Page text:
A very apt quote from Jeff Engelman’s group caught my eye this week:

“Unfortunately, cancers invariably develop resistance, and overcoming or preventing resistance will ultimately be key to unleashing their full therapeutic potential.”

MET is the receptor tyrosine kinase for hepatocyte growth factors (HGF) and inhibition has been implicated in metastases and migration of cancer cells (Rong et al., (1994), Takayama et al., (1997)), but more recently, it has also been observed that some tumour types have MET oncogenic addiction, including gastric cancer (Smolen et al., 2006).

MET Inhibition - source: Ma et al., (2007) BJC

Qi et al., (2011) went on to explain how they were looking at strategies for overcoming resistance to MET inhibitors, using PHA-665752 and PF-2341066, as an example in highly sensitive gastric cell lines.  They investigated the possibilities in vivo and in vitro. The results, however, were unexpected:

“To our surprise, we observed at least two mechanisms of resistance that arose simultaneously.  Both resulted in maintenance of downstream PI3K (phosphoinositide 3-kinase)-AKT and MEK (MAP/ERK kinase)-ERK signaling in the presence of inhibitor.”

Many of you will be aware of activation loops from other kinases, such as imatinib (Gleevec) in CML (T315I) and GIST (D842V) or erlotinib (Tarceva) in lung cancer (T790M), and adaptive pathways e.g. with BRAF inhibitors such as PLX4032 (vemurafenib) in melanoma, so this phenomenon is not uncommon.

With the MET inhibitors tested in the current research, the group found:

  1. A mutation in the MET activation loop, Y1230
  2. Activation of the epidermal growth factor receptor (EGFR) pathway due to increased expression of transforming growth factor alpha (TGFa)

What do these results mean?

The data suggests that combining MET and EGFR inhibitors in gastric cancer may be a viable therapeutic strategy, but consideration must also be given to approaches that inhibit Y1230 mutant MET as well, in order to shut off the escape routes.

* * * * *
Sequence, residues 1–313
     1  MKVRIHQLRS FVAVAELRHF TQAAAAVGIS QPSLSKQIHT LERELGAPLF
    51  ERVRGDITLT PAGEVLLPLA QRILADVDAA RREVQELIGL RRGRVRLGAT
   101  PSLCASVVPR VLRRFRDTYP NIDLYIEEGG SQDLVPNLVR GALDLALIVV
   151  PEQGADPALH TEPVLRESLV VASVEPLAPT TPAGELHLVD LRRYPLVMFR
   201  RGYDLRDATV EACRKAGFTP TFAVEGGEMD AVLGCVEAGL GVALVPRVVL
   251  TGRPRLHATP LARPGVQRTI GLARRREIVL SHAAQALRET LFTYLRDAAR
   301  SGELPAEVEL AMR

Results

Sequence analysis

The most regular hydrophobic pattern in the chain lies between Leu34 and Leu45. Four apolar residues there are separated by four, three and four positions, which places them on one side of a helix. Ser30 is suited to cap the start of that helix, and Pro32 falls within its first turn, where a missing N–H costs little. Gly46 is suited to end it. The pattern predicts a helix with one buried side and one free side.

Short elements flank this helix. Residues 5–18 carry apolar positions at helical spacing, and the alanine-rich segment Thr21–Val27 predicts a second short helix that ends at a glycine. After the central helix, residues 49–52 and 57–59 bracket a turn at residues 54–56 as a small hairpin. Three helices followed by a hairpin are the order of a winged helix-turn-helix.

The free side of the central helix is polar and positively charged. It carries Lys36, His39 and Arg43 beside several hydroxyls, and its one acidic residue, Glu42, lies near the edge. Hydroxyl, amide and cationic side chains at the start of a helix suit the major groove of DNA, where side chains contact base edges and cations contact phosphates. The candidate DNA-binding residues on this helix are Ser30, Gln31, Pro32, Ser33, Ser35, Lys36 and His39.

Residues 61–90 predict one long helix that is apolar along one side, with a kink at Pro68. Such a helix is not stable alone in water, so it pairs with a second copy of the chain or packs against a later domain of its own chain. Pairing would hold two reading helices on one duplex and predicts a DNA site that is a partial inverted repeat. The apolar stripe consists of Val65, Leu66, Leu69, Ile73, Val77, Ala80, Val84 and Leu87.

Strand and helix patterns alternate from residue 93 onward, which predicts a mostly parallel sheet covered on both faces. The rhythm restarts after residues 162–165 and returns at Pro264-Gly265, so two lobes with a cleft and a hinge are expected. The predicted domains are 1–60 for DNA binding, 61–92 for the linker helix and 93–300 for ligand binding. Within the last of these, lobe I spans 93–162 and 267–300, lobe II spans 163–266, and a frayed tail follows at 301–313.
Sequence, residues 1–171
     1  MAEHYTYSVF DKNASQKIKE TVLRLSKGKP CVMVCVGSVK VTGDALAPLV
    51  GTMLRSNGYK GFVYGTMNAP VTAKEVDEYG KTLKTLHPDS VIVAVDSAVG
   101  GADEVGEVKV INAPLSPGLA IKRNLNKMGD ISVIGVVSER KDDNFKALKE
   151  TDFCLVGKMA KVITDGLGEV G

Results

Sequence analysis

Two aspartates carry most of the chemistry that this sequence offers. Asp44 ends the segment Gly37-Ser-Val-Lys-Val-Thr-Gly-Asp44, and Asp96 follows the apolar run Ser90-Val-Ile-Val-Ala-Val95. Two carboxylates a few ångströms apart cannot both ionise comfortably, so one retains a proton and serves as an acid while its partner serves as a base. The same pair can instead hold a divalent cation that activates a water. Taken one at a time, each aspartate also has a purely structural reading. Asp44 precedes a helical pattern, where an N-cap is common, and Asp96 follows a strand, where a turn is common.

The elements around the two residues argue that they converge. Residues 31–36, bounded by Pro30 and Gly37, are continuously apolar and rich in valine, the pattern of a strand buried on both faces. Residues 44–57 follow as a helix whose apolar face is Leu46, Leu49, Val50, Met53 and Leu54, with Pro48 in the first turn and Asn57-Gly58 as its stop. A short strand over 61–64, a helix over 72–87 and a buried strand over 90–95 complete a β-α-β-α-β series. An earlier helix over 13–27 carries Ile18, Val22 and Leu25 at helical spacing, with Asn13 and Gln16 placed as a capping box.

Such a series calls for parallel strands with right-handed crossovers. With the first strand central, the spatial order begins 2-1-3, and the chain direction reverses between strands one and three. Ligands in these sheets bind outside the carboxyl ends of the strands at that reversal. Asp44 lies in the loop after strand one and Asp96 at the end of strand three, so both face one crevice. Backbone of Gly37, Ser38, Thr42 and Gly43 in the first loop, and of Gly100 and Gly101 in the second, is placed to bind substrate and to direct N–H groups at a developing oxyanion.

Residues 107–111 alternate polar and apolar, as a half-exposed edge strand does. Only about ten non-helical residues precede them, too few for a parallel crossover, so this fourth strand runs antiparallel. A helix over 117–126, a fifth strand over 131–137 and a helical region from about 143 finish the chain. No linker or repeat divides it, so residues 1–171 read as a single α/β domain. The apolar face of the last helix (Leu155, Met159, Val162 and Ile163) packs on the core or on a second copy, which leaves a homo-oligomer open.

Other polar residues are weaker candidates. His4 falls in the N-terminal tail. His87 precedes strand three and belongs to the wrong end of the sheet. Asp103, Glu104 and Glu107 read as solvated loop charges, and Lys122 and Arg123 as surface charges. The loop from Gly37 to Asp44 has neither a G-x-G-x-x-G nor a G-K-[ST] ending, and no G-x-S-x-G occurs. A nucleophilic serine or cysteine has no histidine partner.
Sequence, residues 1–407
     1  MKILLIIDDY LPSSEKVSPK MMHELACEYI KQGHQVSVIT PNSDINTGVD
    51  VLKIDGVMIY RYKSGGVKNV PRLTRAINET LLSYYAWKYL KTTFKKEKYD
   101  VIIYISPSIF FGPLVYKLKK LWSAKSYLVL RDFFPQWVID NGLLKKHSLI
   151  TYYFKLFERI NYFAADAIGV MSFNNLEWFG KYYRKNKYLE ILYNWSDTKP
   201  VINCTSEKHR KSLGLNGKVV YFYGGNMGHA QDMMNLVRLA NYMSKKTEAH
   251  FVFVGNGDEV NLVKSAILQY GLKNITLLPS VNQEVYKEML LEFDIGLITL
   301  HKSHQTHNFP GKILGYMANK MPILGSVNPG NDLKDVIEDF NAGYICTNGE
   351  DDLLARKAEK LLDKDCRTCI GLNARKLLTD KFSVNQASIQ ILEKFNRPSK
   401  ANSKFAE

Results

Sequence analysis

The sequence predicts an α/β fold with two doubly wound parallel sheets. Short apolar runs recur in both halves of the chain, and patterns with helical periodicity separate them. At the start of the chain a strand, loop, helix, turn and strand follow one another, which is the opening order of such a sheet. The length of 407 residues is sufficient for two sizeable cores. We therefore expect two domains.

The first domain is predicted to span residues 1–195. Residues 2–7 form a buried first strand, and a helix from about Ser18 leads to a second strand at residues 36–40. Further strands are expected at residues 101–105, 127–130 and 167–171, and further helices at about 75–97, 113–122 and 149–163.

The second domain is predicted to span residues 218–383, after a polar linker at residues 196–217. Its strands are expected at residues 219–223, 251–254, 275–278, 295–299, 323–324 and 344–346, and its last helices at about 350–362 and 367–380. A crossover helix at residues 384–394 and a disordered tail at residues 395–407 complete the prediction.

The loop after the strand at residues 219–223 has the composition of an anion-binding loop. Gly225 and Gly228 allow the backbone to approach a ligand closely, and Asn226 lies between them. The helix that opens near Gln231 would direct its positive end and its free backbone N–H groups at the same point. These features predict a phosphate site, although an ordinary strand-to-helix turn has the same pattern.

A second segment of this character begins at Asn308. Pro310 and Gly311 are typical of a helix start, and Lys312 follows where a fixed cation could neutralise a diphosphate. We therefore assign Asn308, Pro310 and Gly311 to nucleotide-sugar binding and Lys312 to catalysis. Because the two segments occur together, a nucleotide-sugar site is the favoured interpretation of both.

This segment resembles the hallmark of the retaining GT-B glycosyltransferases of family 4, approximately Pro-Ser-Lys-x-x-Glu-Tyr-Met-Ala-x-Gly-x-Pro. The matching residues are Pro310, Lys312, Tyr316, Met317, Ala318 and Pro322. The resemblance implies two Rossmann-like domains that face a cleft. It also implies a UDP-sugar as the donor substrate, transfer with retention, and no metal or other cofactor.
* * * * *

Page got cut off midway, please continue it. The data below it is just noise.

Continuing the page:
It is hard to argue with the authors conclusion that:

“These results also underscore the notion that a single cancer can simultaneously develop resistance induced by several mechanisms and highlight the daunting challenges associated with preventing or overcoming resistance.”

Given the positive results seen with trastuzumab (Herceptin) in patients with HER2-positive gastric cancer, part of me is also wondering what incremental value there would be efficacy-wise, if MET and EGFR inhibitors were used in combination with trastuzumab?  We know that the blocking the driver mutation, the adaptive pathway and the ligand is important.  Some further preclinical research in this area may shed light on the matter.


ResearchBlogging.orgQi, J., McTigue, M., Rogers, A., Lifshits, E., Christensen, J., Janne, P., & Engelman, J. (2011). Multiple Mutations and Bypass Mechanisms Can Contribute to Development of Acquired Resistance to MET Inhibitors Cancer Research, 71 (3), 1081-1091 DOI: 10.1158/0008-5472.CAN-10-1623

Ma, P., Tretiakova, M., Nallasura, V., Jagadeeswaran, R., Husain, A., & Salgia, R. (2007). Downstream signalling and specific inhibition of c-MET/HGF pathway in small cell lung cancer: implications for tumour invasion British Journal of Cancer, 97 (3), 368-377 DOI: 10.1038/sj.bjc.6603884

Rong S, Segal S, Anver M, Resau JH, & Vande Woude GF (1994). Invasiveness and metastasis of NIH 3T3 cells induced by Met-hepatocyte growth factor/scatter factor autocrine stimulation. Proceedings of the National Academy of Sciences of the United States of America, 91 (11), 4731-5 PMID: 8197126

Takayama H, LaRochelle WJ, Sharp R, Otsuka T, Kriebel P, Anver M, Aaronson SA, & Merlino G (1997). Diverse tumorigenesis associated with aberrant development in mice overexpressing hepatocyte growth factor/scatter factor. Proceedings of the National Academy of Sciences of the United States of America, 94 (2), 701-6 PMID: 9012848

Smolen GA, Sordella R, Muir B, Mohapatra G, Barmettler A, Archibald H, Kim WJ, Okimoto RA, Bell DW, Sgroi DC, Christensen JG, Settleman J, & Haber DA (2006). Amplification of MET may identify a subset of cancers with extreme sensitivity to the selective tyrosine kinase inhibitor PHA-665752. Proceedings of the National Academy of Sciences of the United States of America, 103 (7), 2316-21 PMID: 16461907